The Mystery of Breaking Bread

I’m sitting on the washing machine, finishing my coffee, waiting for the timer to go off. My Eucharist bread is in the oven.

“This cup is the new covenant.” I’ve been hearing pastors and priests say that for thirty years, in little Baptist churches and at fabulous Catholic mass. Priests in robes, holding chalice and bread over their heads. Pastors in jeans and sneakers, passing silver trays up and down upholstered pews. Here at the Table, in this church, at this cathedral, at this chapel, is the cup of the new covenant. Here at the Table is this Bread.

And here am I, at my kitchen counter in yoga pants and a tank top, covered in flour, measuring molasses and coconut oil into a red plastic thrift shop bowl. I am mixing this flour, this oil, this water, with my Italian grandmother’s wooden spoon that she probably got from a thrift store, too. I’ve tweaked the recipe, swapping in almond milk and coconut oil, making do with whatever I had in my pantry.

The original recipe is from a seminary friend. It’s the same bread that I gave to a girl who had picked a fight with me in class before chapel. I put bread in her palm and told her that it was the body of Christ, broken for her.

While we plunge through what we call the real world, sacredness is always just around the corner

I remember the silver plate of crackers from my church when I was little, and how excited I was when I was finally allowed to reach in, and take a cracker, and eat it. A tray of wafers passed through pews in rural New Hampshire, is somehow the same bread as the dark, soft, molasses dough that I’m stirring in my kitchen in Atlanta. Somehow the same bread that Dietrich Bonhoeffer ate in Germany, eighty years ago. The same bread that Julian and Augustine and Francis took and ate.

The same bread that Jesus split up for His traveling band of friends on a night of Passover.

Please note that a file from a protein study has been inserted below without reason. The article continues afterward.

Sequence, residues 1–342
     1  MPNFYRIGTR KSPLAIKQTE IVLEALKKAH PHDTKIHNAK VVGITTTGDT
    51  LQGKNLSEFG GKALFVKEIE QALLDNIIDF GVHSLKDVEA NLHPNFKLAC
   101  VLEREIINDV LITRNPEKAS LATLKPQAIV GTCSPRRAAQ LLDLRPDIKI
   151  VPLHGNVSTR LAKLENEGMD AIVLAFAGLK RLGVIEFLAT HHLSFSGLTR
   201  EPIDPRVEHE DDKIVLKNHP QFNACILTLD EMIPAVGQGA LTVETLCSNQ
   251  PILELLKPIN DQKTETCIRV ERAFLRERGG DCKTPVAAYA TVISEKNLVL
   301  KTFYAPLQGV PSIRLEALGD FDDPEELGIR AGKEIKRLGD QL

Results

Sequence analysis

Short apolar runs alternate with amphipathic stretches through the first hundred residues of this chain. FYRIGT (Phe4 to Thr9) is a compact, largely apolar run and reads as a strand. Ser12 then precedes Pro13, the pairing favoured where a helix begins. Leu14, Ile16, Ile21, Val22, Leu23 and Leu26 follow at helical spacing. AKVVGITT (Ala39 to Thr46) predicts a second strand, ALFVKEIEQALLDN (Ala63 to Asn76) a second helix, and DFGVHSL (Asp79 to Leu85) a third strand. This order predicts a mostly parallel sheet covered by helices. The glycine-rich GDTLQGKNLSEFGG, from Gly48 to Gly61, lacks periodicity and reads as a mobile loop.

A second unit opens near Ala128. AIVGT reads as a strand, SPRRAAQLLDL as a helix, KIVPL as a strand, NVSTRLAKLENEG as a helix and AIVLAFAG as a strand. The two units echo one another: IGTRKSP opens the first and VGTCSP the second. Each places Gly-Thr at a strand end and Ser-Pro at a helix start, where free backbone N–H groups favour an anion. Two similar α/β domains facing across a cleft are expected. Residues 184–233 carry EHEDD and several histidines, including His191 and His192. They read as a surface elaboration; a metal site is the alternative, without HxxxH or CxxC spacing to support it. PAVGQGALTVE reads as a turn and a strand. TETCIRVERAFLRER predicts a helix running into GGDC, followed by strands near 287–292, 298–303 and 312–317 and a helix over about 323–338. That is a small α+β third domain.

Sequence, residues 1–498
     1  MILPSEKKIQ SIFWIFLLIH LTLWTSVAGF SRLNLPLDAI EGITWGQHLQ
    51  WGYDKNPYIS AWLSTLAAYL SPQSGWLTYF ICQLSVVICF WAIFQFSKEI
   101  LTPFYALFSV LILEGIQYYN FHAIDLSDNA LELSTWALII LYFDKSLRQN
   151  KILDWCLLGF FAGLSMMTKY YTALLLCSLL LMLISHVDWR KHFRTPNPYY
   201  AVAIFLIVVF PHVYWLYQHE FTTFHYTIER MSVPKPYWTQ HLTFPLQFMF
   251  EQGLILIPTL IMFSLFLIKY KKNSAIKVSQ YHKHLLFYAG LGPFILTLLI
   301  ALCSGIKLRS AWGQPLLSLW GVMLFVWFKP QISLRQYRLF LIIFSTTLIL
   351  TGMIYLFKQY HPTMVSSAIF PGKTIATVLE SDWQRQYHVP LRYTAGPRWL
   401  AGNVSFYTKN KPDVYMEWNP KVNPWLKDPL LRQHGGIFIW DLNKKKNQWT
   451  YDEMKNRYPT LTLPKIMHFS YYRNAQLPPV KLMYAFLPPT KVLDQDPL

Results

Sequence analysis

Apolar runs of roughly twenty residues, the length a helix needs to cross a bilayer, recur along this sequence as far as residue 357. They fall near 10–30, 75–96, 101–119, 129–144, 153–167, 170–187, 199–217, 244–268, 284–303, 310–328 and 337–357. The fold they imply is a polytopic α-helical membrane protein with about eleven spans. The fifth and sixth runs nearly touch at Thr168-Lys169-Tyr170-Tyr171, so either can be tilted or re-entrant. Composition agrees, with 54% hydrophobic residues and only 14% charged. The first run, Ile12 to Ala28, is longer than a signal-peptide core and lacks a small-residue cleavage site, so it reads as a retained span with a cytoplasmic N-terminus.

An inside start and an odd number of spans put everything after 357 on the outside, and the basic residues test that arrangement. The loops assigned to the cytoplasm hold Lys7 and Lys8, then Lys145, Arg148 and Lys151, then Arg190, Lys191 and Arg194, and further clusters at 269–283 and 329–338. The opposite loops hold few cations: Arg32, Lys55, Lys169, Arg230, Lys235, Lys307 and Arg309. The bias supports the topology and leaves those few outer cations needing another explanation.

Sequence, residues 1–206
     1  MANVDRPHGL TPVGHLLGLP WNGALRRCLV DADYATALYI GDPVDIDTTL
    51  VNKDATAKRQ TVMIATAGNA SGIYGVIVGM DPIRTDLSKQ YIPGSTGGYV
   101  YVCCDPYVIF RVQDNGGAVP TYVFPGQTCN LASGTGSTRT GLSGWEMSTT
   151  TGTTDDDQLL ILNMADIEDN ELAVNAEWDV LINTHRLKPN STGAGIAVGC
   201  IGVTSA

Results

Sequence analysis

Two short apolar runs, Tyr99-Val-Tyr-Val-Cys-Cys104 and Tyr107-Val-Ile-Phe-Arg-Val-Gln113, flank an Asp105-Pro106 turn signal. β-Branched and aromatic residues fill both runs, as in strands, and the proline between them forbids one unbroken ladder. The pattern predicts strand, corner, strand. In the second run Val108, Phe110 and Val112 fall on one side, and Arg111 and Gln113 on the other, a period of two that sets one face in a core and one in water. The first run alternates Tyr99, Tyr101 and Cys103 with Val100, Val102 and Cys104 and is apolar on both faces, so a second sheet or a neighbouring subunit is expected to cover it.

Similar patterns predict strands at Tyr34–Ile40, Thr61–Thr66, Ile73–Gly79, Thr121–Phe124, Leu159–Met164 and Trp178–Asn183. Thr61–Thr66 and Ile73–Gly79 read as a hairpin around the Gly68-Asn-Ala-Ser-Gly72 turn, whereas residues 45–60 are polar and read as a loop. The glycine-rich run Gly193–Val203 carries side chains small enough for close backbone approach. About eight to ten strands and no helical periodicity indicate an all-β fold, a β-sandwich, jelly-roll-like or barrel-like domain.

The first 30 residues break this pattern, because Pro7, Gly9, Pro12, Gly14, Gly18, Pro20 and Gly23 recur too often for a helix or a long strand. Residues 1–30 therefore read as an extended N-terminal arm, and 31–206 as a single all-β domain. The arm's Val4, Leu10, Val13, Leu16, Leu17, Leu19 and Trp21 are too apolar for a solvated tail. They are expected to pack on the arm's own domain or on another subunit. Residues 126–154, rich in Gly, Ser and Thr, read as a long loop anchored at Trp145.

I roll out two little flat rounds, scored on the top with an X-marks-the-spot, and dropped on a tray into the oven. I lick off the spoon and wonder if it’s OK that Eucharist bread tastes this good. Then bowl and spoon and measuring cups get thrown into my grubby sink, soap suds up my arms, washcloth getting caked with the damp dough I’m scrubbing out of the bowl.

Then there’s a little bit of silence while the bread finishes up in the oven.

The water trickles and drips going down the drain. The dogs are on the couch napping. The microwave timer silently ticks down the time, 2:06, 2:05, 2:04. I curl up on the washing machine, sipping lukewarm coffee.

Tonight at a little house church in West Atlanta, in a living room full of different theological beliefs about Jesus, the Bible, atonement theories, and the book of Genesis – tonight, we’ll all come up and put out our hands, feel the bread land in our palm, and touch God.

The same bread that came out of the bowl of flour and water and oil that I licked clean like a kid, from the bowl that I scrubbed out with soap and water in a messy sink.

The same cup of wine that Jesus held up that someone had used at a party the night before.

The same manger that horses and cows were eating out of.

Tonight, we’ll all come up and put out our hands, feel the bread land in our palm, and touch God

The timer goes off.

We gradually come back to life, the “real world,” where sinks are for washing pizza cheese off pans and hay feeders are for feeding farm animals.

While we plunge through what we call the real world, sacredness is always just around the corner, on the edge of our vision, trickling through the cracks like light finding its way around closed blinds.

The sacred world is impatient to come through into ours. The sacred is dogged and unfailingly persistent. And the sacred uses whatever it needs to, repurposing our “real world” tools cheekily for its own holy ends.

On my sticky countertop, I’m stretching and kneading bread that connects me to disciples and saints in and out of time. I’m touching something so holy that all I can do with it is eat it. How can something that’s so easy to make, easy to pray over, easy to serve, be the wind that blows the curtain open between heaven and earth just a little bit?

In my kitchen, sacred time sneaks into ordinary time, while the microwave timer counts down for bread to finish baking.

Laura Jean Truman
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